I was reading this post by JMom and it got me thinking about a lot of things with the boys – about how they view themselves and how they react to how the world views them. It’s so shocking when your child comes home for the first time and tearfully reports that a classmate or friend was cruel to them – said something or did something that cut into their heart and made them feel small (not small in the way JMom was talking about, but small in an evil, painful way). I have a million thoughts about this and I’m trying to put them together in some semblance of order. Here we go.
One has never been overly talented at getting along with others – he takes after me in this respect. He is a great friend and very devoted, but often frustrated and easily hurt. He also has trouble knowing what to say (or when to stop talking). Like I said: just like his mom. He has spent a lot of time working through tough times because of this. His low level of frustration not only puts off some friends but has also made him the target of a bully or two; this year a particularly nasty and manipulative child has zeroed in on him from time to time and wreaked havoc (one of those “nice one minute and horrible the next” kids – you remember them, don’t you?). It is so hard as a parent to watch this! But while it is hard, it provides so many opportunities to teach important lessons. Every time D, the bully, comes up with something new, One has the chance to work on how he’s going to react. He has learned this year to take his time responding and to keep his temper as cool as he can. I couldn’t have manufactured these very necessary lessons in self-control myself, and while I am miserable at the thought he has to face this potentially nasty child every day, I am so glad God has used these episodes to mature One in a much-needed way.
The second thought I had when I worked through JMom’s post is how, on a number of occasions, each boy has come to me with frustrations and disappointments on how they “aren’t very good at” some particular thing. Seeing that self-doubt, accompanied by the downcast face and wet eyes, is again very hurtful for a parent. But, again, those moments have provided many important discussions. Don’t get me wrong: I don’t want my boys to think they are good at everything. I want them to acknowledge their weaknesses and learn to decide (with God’s help) if the skill in question is one worth working on or one better left alone. And that is the lesson we’ve been able to teach at those moments. When One tearfully announced that he was “no good at all” at baseball, we had several conversations about whether baseball was important enough to him to be really good at, or whether he could choose to enjoy it while not being the best on the team. His father is especially helpful in these conversations; he has more than once reminded One that he worked incredibly hard to swim well as a young man. It wasn’t a natural talent; it was only through constant practice that he saw himself improve and win races. When the boys have these discouraging moments, we’ve found that it helps to talk about this kind of perspective, and to remind them that the most important things to us are the ones we’ll work hardest at – not necessarily the ones we’ll be best at naturally.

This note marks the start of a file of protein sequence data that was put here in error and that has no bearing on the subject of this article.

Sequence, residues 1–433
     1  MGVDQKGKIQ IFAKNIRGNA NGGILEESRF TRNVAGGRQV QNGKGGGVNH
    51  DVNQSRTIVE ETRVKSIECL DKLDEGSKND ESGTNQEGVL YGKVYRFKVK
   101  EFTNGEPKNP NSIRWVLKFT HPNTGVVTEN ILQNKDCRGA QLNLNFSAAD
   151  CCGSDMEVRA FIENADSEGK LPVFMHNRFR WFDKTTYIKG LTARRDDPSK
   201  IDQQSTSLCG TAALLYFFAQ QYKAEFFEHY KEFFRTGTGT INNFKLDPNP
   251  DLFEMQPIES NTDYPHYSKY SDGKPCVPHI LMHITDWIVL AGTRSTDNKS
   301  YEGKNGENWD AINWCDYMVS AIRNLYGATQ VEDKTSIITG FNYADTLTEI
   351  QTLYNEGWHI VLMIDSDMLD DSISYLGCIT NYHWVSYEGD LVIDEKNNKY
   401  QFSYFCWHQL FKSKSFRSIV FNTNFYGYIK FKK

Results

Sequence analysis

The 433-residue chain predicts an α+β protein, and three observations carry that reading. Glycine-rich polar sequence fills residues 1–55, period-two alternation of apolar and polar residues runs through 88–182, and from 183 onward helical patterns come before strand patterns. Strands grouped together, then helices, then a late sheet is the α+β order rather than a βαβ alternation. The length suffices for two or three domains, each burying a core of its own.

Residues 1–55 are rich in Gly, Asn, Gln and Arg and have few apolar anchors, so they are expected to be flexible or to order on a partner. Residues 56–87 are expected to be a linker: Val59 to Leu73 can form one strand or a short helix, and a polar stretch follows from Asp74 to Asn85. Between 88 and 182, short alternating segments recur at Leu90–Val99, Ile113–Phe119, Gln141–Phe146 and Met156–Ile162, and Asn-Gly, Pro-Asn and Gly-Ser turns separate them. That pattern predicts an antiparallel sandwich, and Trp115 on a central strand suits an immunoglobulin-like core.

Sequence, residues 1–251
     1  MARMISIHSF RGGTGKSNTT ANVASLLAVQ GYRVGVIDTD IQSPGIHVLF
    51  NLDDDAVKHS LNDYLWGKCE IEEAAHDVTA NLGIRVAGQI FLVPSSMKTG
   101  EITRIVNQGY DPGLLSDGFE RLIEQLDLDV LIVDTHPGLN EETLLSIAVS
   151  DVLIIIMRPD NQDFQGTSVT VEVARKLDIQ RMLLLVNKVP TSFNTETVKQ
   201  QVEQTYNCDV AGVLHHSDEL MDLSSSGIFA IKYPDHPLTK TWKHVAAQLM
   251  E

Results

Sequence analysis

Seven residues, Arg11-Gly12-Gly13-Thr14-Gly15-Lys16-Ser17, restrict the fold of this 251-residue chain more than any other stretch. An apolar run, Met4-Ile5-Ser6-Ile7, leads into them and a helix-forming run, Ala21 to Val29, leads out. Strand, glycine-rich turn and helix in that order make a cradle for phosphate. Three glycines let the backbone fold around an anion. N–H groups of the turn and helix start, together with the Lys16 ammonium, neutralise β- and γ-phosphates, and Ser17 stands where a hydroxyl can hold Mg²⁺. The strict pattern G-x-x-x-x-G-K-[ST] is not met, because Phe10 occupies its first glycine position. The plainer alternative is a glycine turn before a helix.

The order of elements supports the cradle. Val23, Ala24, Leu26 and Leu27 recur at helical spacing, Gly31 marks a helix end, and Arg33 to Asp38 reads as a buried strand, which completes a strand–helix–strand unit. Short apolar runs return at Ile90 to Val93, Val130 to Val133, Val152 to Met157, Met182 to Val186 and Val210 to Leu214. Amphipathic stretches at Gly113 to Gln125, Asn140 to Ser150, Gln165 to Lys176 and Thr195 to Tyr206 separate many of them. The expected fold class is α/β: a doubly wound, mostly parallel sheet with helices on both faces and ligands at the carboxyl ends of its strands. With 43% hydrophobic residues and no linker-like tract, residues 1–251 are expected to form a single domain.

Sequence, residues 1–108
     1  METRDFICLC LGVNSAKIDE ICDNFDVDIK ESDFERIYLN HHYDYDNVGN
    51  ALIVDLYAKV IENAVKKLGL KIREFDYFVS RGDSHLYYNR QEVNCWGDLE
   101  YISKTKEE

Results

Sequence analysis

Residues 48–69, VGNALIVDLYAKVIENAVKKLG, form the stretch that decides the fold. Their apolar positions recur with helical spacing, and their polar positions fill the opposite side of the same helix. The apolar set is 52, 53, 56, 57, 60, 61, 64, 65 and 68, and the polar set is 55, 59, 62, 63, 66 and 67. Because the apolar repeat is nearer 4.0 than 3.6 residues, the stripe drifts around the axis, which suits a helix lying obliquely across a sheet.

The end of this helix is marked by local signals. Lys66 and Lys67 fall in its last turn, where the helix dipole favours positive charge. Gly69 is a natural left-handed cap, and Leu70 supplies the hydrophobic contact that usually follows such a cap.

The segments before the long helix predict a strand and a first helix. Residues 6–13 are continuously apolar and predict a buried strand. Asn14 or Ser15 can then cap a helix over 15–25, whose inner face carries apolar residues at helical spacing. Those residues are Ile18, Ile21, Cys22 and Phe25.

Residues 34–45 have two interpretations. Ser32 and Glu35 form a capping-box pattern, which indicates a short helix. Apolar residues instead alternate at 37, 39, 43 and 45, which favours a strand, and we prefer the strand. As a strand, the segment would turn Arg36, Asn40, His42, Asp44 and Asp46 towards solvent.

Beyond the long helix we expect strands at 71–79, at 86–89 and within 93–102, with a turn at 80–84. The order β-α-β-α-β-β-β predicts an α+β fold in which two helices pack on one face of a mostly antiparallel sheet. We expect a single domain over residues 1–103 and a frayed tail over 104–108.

Finally, in both situations, it is so important to remember that home base is just that – home base. It’s where your failures aren’t pointed out with pinpoint accuracy, but rather where you can feel safe to reveal what hurts you, receive comfort, and work out a solution. It’s where your parents remind you that whatever the world thinks of you, whatever you succeed or fail at in life, the most important scale you’re judged on is God’s. If your ultimate goal is to love Him with all your heart, mind, and soul – and to serve him with all the gifts you’ve been given – then the opinions of your baseball team and the petty torments of a classroom bully take on a much different perspective. We can build our children up with assurances of our own love, but it is when we speak to them of Christ’s love that we give the most comfort and build the strongest hearts.